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State Perspectives in Expanded Learning: The Role of Statewide Afterschool Networks
With demand for afterschool and summer programs reaching new heights, educators and policymakers are recognizing the benefit of a coordinated approach to expanded learning opportunities in which program providers, schools, intermediaries, nonprofits, faith based groups and other stakeholders work together to provide high quality programming. Over the last ten years, statewide afterschool networks have played a critical role in promoting such coordination and demonstrating how expanded learning can complement and reinforce school day lessons. Prior to the formation of the networks, hundreds of organizations involved in this space were disconnected from each other and frequently not linked to schools or broader youth development efforts. Currently, these networks operate in 41 states (and are emerging in the other states) and provide a range of coordinated supports in the form of research, resources, professional development and technical assistance to state and local level stakeholders. Afterschool Networks have developed valuable expertise in both policy and practice issues and are helping more kids succeed by working to ensure they have access to high-quality expanded learning opportunities.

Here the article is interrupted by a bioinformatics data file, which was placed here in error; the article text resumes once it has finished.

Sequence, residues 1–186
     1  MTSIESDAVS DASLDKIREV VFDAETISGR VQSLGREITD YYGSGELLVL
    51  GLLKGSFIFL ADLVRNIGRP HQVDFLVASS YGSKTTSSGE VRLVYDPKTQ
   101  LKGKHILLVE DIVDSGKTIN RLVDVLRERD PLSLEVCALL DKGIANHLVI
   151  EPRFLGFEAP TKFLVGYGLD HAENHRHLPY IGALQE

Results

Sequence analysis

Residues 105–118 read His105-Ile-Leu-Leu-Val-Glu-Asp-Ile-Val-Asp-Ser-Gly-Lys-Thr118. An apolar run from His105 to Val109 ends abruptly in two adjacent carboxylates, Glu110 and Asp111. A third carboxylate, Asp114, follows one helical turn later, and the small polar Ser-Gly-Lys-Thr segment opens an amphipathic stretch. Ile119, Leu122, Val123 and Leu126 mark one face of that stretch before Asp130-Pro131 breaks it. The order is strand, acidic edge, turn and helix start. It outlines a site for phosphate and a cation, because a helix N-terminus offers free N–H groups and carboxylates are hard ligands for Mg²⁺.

This forum will provide an overview of how the Afterschool Networks support the work of afterschool providers and how they work alongside multiple stakeholders, including state agencies, community-based intermediaries and program providers. Terry Peterson, Director, After School National Resource Network, and Chairman of the Board, Afterschool Alliance, will share an overview of the work of the Afterschool Networks and discuss their role in supporting effective statewide policy and practice decisions in afterschool. Laveta Wills-Hale, Director of the Arkansas Out of School Network, and Michelle Doucette Cunningham, Executive Director of the Connecticut After School Network, will share their perspectives on the qualities of a highly functioning afterschool network, the supports the networks provide, and how federal policy can support or hinder such work.
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